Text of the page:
Friday, July 27, 2012

Word of Wisdom on Obesity and a Healthy Diet

According to the American Heart Association, 145 million Americans over age 20 are overweight. Of those, 74.1 million Americans are in the 'obese' category. Together, more than two-thirds of all American adults are overweight, fueling a multi-billion-dollar industry of fad diets, miracle pills, weight loss counselors and weight-related medical procedures.

Many members of the Church – as many as 3 million of us in America alone – are a part of the epidemic weight gain. It turns out the stereotypical Mormon diet of casseroles, funeral potatoes and Jello carries its fair share of calories. As members of the Church, we also have the guidance of the Lord and His prophets, specifically the Word of Wisdom. Following this inspired code of health will help us take care of our bodies, fend off – or return from – obesity, and eventually be able to "run and not be weary" and "walk and not faint."

Found in the 89th Section of the Doctrine and Covenants, the Word of Wisdom provides at least three guidelines related to obesity and overeating. First, the Word of Wisdom teaches that we must watch what we put into our bodies. Second, we learn that we must watch how much food we put into our bodies. And finally, when we are converted to the Word of Wisdom as the Lord's code of health, our willing obedience will bring physical and spiritual blessings.

At the most basic level, every member of the Church knows that the Word of Wisdom teaches us to avoid harmful substances like alcohol, tobacco, coffee and tea. In the spirit of this counsel, each of us should evaluate whether we consume these or other substances that may be harmful to our bodies or habit-forming. Processed snack cakes, soda pop, deep fried foods and energy drinks are only a few of the popular, but physically harmful foods on the supermarket aisles. These foods have little or no nutritional value, make us feel tired, create habits that are hard to break, fuel our appetites for more unnecessary calories and expand our waistlines. In short, many foods available at the neighborhood store may contribute to obesity, which in turn contributes to untold numbers of diseases and medical complications.

Knowing we would be bombarded with the widest variety of food, beverages, medicines and herbs in human history, the Lord gave the Word of Wisdom as a forewarning against the, "evils and designs which do and will exist in the hearts of conspiring men." While the Lord deems harmful substances of all kinds "not for the belly," we are advised to eat "all wholesome herbs... all grain... as also the fruit of the vine," and, "flesh also of beasts and of the fowls of the air." A consistent, natural diet of fruits, vegetables, grains, lots of water and some lean meat provides the nutrients our bodies need without the empty calories that spark our appetites or meaningless overeating.

The Lord continues his counsel and commandment for the dietary care of our bodies with the charge that "all these [are] to be used with prudence and thanksgiving." A person can gain a significant amount of weight through simple mismanagement of portion sizes, even if their diet is stacked with fruits, vegetables and grains. Using prudence means to use discretion, sound judgment or temperance. Greater prudence in our diets is discretion to say 'no' to a second piece of chocolate cake, wisdom to drink water instead of soda, and temperance to take only enough food at the dinner table to satisfy your hunger. It is prudence that recognizes obesity as a debt of calories, and unifies the grocery list and the dinner menu to get us out of that debt.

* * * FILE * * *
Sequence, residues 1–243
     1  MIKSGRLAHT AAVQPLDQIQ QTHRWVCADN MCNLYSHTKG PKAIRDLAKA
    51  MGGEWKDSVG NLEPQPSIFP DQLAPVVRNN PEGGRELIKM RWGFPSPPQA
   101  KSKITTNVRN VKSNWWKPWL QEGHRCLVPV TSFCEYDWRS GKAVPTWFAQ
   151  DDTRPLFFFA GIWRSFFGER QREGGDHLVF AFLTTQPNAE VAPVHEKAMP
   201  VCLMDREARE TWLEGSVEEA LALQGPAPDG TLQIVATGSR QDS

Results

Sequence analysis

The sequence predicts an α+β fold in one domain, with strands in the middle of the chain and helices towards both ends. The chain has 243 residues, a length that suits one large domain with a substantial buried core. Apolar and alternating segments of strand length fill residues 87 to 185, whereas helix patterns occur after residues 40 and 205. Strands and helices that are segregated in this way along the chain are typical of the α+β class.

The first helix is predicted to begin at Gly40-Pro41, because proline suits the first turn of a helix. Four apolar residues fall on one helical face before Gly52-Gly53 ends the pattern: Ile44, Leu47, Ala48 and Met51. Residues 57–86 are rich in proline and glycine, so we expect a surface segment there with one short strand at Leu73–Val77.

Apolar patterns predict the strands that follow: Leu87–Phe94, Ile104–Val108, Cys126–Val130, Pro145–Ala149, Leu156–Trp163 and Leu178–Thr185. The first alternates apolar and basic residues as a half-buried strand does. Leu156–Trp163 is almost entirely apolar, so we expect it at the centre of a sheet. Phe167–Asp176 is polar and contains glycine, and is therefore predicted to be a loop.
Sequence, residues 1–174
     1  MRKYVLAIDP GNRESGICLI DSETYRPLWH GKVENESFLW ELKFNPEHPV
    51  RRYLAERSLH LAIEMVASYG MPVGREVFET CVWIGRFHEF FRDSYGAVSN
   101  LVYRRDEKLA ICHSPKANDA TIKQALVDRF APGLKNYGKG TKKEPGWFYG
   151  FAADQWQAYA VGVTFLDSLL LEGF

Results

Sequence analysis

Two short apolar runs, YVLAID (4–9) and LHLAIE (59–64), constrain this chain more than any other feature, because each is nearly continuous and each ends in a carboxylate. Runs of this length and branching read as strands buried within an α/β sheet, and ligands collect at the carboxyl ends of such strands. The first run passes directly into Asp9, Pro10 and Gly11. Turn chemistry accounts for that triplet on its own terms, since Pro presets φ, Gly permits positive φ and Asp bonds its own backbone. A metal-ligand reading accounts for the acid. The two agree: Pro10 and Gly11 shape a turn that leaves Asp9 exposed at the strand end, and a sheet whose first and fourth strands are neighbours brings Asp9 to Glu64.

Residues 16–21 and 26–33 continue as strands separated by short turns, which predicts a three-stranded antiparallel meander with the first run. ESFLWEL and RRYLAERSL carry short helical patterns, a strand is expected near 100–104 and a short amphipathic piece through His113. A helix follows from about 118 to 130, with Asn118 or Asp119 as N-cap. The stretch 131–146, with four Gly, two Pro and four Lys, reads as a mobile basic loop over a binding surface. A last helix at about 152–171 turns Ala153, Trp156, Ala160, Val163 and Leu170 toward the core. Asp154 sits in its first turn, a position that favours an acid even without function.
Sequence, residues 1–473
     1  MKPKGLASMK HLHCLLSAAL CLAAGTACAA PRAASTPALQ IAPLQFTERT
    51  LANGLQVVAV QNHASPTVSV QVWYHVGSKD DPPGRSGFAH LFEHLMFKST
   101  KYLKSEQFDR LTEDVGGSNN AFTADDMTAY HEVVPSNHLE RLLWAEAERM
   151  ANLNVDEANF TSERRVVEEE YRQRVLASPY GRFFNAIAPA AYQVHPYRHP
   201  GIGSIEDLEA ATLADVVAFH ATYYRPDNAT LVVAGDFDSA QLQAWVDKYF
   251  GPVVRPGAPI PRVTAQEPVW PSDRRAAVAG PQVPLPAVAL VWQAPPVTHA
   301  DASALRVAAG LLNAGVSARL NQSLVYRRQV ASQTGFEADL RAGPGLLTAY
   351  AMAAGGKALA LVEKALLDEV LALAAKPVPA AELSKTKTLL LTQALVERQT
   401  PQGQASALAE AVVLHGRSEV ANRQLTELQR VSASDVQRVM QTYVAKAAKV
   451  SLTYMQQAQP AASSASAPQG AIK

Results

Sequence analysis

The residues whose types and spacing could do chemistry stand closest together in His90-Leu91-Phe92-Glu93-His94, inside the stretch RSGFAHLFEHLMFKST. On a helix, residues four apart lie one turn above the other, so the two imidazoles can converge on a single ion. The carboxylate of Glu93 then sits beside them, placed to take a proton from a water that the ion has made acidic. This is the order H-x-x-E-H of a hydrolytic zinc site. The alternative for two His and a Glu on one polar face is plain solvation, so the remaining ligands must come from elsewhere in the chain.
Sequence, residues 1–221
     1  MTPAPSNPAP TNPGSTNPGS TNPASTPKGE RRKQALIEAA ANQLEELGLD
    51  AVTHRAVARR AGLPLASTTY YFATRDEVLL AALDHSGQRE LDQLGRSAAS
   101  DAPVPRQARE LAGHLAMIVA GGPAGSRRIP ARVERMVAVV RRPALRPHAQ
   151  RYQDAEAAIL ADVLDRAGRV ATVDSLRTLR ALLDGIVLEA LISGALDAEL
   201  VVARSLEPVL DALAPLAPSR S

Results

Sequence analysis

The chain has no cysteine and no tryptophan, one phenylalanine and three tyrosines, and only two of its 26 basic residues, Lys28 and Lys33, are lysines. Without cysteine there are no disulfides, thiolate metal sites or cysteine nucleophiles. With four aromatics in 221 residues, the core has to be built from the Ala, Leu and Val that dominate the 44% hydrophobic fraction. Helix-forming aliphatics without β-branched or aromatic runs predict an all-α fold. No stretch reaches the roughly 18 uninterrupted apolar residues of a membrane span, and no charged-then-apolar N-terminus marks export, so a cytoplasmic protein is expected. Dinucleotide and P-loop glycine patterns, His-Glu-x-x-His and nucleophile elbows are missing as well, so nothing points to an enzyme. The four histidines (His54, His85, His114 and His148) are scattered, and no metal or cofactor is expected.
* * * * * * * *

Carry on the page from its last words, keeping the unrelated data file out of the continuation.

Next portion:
President Boyd K. Packer, of the Quorum of the Twelve Apostles, reminded us one general conference that "The Word of Wisdom is 'adapted to the capacity of the weak and the weakest of all saints'. It is buttressed by other scriptures. They teach that the good things of the earth 'are made for the benefit and the use of man, … Yea,' the Lord said, 'for food and for raiment, for taste and for smell, to strengthen the body and to enliven the soul, … to be used, with judgment, not to excess, neither by extortion' (D&C 59:18–20)." His counsel was for us to, "learn to use moderation and common sense in matters of health and nutrition; and particularly in medication."

Finally, the Word of Wisdom promises our careful observance of its counsel will yield health, wisdom, endurance and protection. The determination to change the kinds and quantities of foods we eat may be found in the realization of the surety of these results. No matter how many diets or miracle drugs we have tried and failed, careful obedience to the Word of Wisdom will bring the support of heaven in reaching our goals. If we will strive to eat a healthy, natural, prudent diet, the return on our investment of effort will be physical, spiritual and mental strength.

No harmful substance will cloud our wise judgement. No excess weight will keep us from enduring. Through obedience to the Word of Wisdom, we can avoid the perils of a plague of obesity sweeping the nation.

**This article was originally written for Deseret Connect on February 9, 2011. It was never published by Deseret Connect or its related sites.**

Wednesday, July 25, 2012

The Spiritual Value of Sleep

We all need sleep. Everyone knows that is a fact of biology and physiology. In truth, those reasons are secondary to the most important reason for sleep: spirituality.

Sleep is often overlooked as a spiritual concept, perhaps because the Lord directly speaks of it only briefly in scripture. Most of what we find is summarized in this short verse: 'cease to sleep longer than is needful; retire to thy bed early, that ye may not be weary; arise early, that your bodies and your minds may be invigorated' (D&C 88:124).

Yet the amount of sleep we receive can affect our decision making in a way that could have dire spiritual consequences. Consider how many times you may have been ornery with someone you love because you were tired. Have you ever been tempted with something that isn't normally a concern because your body was exhausted? How many times have you indulged your carnal self with laziness, unnecessary eating or other selfish acts because you were tired? Has fatigue ever convinced you not to do something you should, like reading your scriptures, helping a neighbor or saying your prayers?

King Benjamin taught that he, 'cannot tell you all the things whereby ye may commit sin; for there are divers ways and means', but that we must, 'watch [ourselves], and [our] thoughts, and [our] words, and [our] deeds, and observe the commandments of God, and continue in the faith of what ye have heard concerning the coming of our Lord, even unto the end of your lives' (Mosiah 4:29-30).